• These forums empowered students to share ongoing or unaddressed episodes of antisemitic harassment directly with their system leaders. It also let Jewish parents voice their frustration and pain, while demanding that stronger measures be taken to address this problem.


We Trained Teachers and Administrators on Antisemitism, Judaism and Zionism

  • Together with our partners at the ADL, the JCRC trained close to 400 teachers, equity specialists and administrators in four public school districts.
  • In August, we will provide training for the entire educator and paraeducator faculty of the Whitman High School cluster in Montgomery County.


We Empowered Jewish Students to Speak Their Truth and Be Active Participants in Addressing Antisemitism

  • Our Student to Student peer anti-bias program continued to expand. This year, we trained more than 90 students, who collectively presented to and dialogued with over 1,000 teens and educators throughout the region.
  • We provided guidance to and support for Jewish students personally impacted by antisemitic incidents, and to student leaders of Jewish Student Unions and Jewish Culture Clubs.


We Expanded our Holocaust Speakers Bureau to Meet Growing Demand

  • We brought survivors, their children and grandchildren to talk with nearly 10,000 students, educators and other adults in our region.
  • Through our innovative “Maggid: Generations of the Shoah” initiative, we trained a new cohort of second-generation survivors to share their parents’ Shoah narratives.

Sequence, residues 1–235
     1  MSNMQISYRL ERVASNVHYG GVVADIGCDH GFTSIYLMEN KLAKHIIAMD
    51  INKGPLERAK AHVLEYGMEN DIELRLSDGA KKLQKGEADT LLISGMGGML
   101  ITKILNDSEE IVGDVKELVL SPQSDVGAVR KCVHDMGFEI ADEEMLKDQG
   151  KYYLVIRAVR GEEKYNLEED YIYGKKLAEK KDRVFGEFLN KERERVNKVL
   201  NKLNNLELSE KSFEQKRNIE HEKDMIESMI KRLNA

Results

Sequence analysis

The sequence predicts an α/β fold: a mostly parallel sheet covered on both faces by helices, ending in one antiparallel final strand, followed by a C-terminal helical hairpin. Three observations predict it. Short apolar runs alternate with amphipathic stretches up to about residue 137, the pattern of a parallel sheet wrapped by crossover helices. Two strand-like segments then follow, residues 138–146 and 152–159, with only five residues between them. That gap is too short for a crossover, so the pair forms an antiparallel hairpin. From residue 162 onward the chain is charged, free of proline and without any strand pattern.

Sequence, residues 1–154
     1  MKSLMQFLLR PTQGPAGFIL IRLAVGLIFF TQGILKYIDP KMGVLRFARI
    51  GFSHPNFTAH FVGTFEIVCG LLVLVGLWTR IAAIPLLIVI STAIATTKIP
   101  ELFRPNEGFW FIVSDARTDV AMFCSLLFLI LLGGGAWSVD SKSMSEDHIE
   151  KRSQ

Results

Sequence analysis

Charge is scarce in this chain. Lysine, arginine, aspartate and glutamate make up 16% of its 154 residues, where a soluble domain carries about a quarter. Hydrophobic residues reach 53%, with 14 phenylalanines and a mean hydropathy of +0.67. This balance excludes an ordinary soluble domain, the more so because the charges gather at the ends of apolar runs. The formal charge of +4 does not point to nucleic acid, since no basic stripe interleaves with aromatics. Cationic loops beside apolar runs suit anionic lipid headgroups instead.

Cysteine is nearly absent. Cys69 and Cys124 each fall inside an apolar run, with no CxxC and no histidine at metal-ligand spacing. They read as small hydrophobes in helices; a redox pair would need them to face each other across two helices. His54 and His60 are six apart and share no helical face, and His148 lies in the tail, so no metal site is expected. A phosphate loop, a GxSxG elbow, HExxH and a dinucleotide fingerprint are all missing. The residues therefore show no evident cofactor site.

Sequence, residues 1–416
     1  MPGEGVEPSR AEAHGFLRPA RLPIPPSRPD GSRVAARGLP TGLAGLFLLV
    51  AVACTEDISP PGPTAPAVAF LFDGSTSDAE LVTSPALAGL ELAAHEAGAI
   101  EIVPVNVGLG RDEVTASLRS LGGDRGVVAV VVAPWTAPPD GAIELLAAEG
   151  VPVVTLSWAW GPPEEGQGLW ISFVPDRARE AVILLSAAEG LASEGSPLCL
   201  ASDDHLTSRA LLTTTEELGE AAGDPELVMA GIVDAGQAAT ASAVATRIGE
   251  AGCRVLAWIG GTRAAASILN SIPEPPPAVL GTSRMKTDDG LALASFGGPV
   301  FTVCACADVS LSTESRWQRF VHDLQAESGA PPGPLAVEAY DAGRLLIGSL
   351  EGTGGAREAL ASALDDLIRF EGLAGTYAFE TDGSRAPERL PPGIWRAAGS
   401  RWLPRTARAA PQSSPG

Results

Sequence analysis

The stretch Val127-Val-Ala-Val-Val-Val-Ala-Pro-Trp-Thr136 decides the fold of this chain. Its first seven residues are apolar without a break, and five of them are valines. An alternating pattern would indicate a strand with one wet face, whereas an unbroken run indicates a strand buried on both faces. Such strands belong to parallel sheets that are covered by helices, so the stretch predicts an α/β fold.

We Responded to Synagogues’ Call for Assistance in Empowering Children to Deal with Antisemitism

  • We created programming mid-year to respond to numerous requests from synagogues to talk with their students about the flood of high-profile antisemitic incidents, both locally and nationally.
  • We facilitated sessions with more than 200 students at five synagogues, and we are now working to expand our capacity and curricular offerings for congregational religious schools.


We Monitored and Provided Input on Curriculum Changes and Connected School Districts to Expert Resources 

  • Together with the Institute for Curriculum Resources, we submitted extensive comments to proposed social studies curricula in Virginia and in the District of Columbia, to ensure that Judaism, Jewish history, the Holocaust and Israel are covered meaningfully and properly.
  • We worked with the other Virginia JCRCs to advocate and submit testimony to the Commonwealth’s Board of Education on how proposed curriculum revisions would impact the Jewish community and other minority populations.


We Represented the Jewish Community on Key Stakeholder Committees

  • In Fairfax County, JCRC Associate Director Guila Franklin Siegel served on the Superintendent’s Strategic Plan Core Planning Group.

  • Also in Fairfax, JCRC Education Programs and Services Director Sara Winkelman served on the FCPS Calendar Committee and the FCPS Equity Policy Steering Committee.

  • In Loudoun County, Erika Harris of Sha’are Shalom continues to represent the Jewish community on LCPS’ Equity Committee.
  • In Montgomery County, JCRC Director of Intergroup Relations Rabbi Abbi Sharofsky continues to represent the Jewish community on MCPS’ Faith Leaders’ Advisory Group and on the Anti-Racist Audit Steering Committee.